If we’re honest, there is truly nothing more painful than the times when we experience our Father’s discipline and displeasure.  Psalm 80 puts words to our feelings in those moments:

  • How long will you be angry with [my] prayers? (vs. 4)
  • My enemies are laughing at me. (vs. 6)
  • I’m eating and drinking my tears (vs. 5)

It leads us along a path of remembering too—of remembering God’s past favor toward us even against the impenetrably bleak backdrop of the present.

For Asaph this meant recalling God’s choosing Israel as a vine, and then bringing them out of captivity, clearing the ground, planting them only to see them take root and “fill the land” in every direction.  Yet despite God’s past favor, in the present God had “broken down” the walls of His vineyard and wild boar and beasts ravaged it and those passing by ate its fruit.  Asaph asks simply and painfully “Why then have you broken down its walls….”? Why Lord?  Yet here, we learn a helpful lesson from Asaph as to what we can do in this situation: keep praying.  Three times he calls out to God: “Restore us [or turn to us]…Let your face shine, that we may be saved.”  And each time he prays it, the intensity of his prayer grows.  The lesson is simple for us: when we fail and sin and suffer we must keep praying.  That was Asaph’s hope—hope in the God who will turn and need only smile to change our situation entirely.

However it is also helpful to remember in such times that the hope that Asaph had in part we now have in full. Even in the darkness we can dare to believe that God will turn to us and forgive. What gives us such audacious hope? Jesus.  He is our Shepherd, the true Vine, the one who gives life, the Son at God’s right hand—the one who faced the full turning away of the Father’s face and the fierceness and fullness of His wrath.  In Him is life. In Him we have access to the God who sits enthroned above the mercy seat. Forever.  In Jesus is our hope and trust.  Even in times of grievous sin with terrible consequences on our part, God will turn and be gracious to us and smile on us because of his Son. So then in the darkness let us continue to pray:

Restore us…Let Your face shine on us, that we may be saved.

Posted by Craig Lester with


Jer. 10 - 11 Today’s so-called gods are no different than those in Jeremiah’s day, made out of wood, gold, silver, etc.  They all take man’s (and woman’s) attention, occupy all of non-believing man’s time, consume his thinking and cause him to focus on these so-called gods rather than the only God.  Non-believing men and women of today buy or build stuff for their own glory, they beat their chests and say look at me.  They are not still and they certainly don’t know that He is God!  Israel was no different in Jeremiah’s day.  I have to ask myself the question:  What would God do different to physically get man’s attention?  What would He make or cause to happen, in physical form, that He has not already made or caused? He was already here on Earth physically, and we rejected Him.  Just because miracles happen all the time (sun-rise, mist forming, wind blowing, etc.), men today take these for granted and say to themselves, ‘this has always been, caused by science’.  God shows us His power regularly!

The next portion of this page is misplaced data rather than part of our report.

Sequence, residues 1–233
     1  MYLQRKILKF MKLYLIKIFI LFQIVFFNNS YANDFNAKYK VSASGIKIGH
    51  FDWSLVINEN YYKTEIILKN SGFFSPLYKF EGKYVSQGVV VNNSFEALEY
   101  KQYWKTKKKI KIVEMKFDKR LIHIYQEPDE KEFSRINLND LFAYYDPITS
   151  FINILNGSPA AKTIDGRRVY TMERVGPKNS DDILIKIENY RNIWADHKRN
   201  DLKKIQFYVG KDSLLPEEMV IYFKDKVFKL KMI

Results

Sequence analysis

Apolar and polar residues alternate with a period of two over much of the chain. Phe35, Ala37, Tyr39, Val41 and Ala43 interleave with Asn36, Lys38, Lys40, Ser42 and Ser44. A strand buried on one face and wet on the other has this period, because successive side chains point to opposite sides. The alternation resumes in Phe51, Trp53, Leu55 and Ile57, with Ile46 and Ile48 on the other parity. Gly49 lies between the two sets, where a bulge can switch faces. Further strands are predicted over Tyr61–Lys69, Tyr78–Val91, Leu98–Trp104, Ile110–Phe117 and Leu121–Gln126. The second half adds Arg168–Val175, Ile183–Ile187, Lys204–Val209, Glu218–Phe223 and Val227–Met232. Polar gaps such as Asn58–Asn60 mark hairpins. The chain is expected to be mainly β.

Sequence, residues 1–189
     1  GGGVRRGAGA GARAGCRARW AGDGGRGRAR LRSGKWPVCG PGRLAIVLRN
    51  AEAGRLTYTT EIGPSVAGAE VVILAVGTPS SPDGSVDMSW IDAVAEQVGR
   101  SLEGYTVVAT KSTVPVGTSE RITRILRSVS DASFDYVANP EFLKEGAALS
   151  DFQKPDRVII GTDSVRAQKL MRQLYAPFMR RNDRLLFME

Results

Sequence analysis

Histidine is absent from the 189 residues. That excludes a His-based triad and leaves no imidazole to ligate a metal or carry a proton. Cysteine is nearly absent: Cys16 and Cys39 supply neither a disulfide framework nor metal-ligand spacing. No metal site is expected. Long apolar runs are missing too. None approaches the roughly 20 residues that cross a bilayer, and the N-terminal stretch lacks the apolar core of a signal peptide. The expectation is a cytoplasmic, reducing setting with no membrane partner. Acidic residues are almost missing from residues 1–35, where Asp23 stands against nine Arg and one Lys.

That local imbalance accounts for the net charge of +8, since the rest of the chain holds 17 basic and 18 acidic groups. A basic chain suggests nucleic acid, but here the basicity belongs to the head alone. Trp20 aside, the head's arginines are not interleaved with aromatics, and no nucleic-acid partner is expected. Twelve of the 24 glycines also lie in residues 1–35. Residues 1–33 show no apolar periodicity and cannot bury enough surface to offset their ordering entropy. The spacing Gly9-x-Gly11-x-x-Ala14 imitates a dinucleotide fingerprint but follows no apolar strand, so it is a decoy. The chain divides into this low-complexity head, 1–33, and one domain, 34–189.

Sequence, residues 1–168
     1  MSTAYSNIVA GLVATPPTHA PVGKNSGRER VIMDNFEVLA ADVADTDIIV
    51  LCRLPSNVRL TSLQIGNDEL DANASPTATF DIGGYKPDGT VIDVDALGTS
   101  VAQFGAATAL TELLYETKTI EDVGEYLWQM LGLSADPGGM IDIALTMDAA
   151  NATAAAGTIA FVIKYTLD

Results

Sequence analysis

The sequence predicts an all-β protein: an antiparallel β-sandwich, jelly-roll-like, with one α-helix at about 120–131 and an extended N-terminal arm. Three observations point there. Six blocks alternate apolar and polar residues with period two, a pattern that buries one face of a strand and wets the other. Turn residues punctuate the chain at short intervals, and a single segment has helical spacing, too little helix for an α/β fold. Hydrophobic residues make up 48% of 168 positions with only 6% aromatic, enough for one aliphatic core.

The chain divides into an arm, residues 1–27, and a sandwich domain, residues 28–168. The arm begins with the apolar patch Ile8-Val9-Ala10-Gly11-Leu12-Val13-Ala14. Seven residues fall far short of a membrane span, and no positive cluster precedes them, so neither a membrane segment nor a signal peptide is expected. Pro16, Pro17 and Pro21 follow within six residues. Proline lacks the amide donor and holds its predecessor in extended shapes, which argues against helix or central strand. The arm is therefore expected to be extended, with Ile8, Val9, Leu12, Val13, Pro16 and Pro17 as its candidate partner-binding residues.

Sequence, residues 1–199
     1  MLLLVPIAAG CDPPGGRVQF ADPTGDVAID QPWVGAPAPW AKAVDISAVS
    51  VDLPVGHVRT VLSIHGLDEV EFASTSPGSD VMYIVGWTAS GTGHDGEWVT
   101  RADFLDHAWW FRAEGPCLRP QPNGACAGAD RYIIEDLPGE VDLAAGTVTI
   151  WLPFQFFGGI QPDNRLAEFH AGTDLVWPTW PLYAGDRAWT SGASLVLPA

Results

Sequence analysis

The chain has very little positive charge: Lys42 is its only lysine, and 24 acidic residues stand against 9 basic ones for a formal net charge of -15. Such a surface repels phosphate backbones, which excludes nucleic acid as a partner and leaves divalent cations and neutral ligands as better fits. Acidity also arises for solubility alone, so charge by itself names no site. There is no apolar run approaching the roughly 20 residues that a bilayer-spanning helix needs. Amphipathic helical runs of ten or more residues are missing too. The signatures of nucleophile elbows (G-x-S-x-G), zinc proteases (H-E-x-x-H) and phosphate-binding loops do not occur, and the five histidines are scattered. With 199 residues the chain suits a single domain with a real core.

Psa. 78:56-72 Even with all of Israel's disobedience and the resulting anger and wrath from God, God eventually poured out His mercy, chose the tribe of Judah & Mount Zion, and selected David to shepherd His people.  And then:  He came to Earth and demonstrated first hand His Love and power and salvation plan. What love and mercy!

 Col. 3:18-4:18  Pray:  don’t be weary, but keep at it and watch and be thankful when the answers come - Tell the Good News & make the most of your chances to do so - Encourage others to pray and tell the Good News - Love others as yourself

 Prov. 24:28-29  Love your neighbor as yourself!  I think about our country, The United States of America, how our punishment for disobedience has seemingly been very small compared to God’s chosen people - albeit over a much longer period of time.  We have been reminded from time to time of our sinfulness, but more often than not, we have been blessed, perhaps as a result of our support for Israel the nation and perhaps because of those of us who truly believe.  As a nation, where are we headed - for triumph or destruction?


Posted by John Wise with

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